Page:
U.S.-European Monetary Relations

By Samuel I. Katz; American Enterprise Institute for Public Policy Research, Georgetown University | Go to book overview

INTERNATIONAL
COORDINATION OF NATIONAL
ECONOMIC POLICIES:
COMMENTARIES

Assar Lindbeck

Three Reasons for Policy Coordination. When discussing international coordination of national stabilization policies, it may be useful to make a distinction between three different, though related, purposes of such coordination: to influence the business cycle, to influence the long-term price trend, and to avoid inconsistencies among national policy targets.

To influence the business cycle. The first purpose of coordination is to influence the pattern of macroeconomic instability--domestically and globally. In a deep, synchronized international recession, such as in 1974-1976, the purpose of coordinated domestic expansionary actions is, of course, to prevent governments in individual countries either from waiting for export-led expansions generated by domestic demand management in other countries or from trying to engineer export-led expansion all by themselves--a beggar-thy-neighbor policy. The argument for coordinated actions is partly symmetrical in the case of synchronized inflationary booms, as in 1972-1973. Since prices of tradable goods are to a large extent formed on international rather than national markets, in particular for European countries, a main purpose of coordinated actions is to prevent governments from trying to take "free rides" on anti-inflationary policies in other countries, in particular on actions taken by the large countries.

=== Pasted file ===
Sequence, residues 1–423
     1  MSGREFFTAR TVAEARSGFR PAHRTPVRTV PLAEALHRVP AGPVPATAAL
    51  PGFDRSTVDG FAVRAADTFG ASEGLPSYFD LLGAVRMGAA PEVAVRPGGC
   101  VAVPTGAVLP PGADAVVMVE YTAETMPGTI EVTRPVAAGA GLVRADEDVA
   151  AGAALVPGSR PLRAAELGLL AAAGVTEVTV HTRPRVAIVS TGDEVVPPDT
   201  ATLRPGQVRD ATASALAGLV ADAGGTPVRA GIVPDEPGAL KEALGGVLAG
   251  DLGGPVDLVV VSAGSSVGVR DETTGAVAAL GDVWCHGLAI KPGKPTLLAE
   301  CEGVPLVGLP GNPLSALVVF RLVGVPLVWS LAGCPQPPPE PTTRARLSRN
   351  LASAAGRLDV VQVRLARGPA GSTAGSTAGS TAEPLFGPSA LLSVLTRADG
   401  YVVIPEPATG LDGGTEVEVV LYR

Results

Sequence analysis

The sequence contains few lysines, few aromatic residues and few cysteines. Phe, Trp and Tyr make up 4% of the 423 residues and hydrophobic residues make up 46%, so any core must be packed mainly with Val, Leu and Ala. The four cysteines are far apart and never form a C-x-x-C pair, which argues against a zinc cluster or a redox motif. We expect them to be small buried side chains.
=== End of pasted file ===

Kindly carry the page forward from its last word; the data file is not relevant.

Thus in both recessions and booms a main argument for concerted action is that some of the benefits of policy actions tend to wind up in other countries. In recessions, there is the additional argument that all countries may gain by agreeing to abstain from using policy instruments. that shift unemployment to other countries.

In the case of more "normal" business cycle situations, such as during the main part of the period from the early 1950s to the mid- 1960s, the argument for coordination of national stabilization policies is quite different. The purpose would then be to bring about a desynchronization, rather than a synchronization, of macroeconomic

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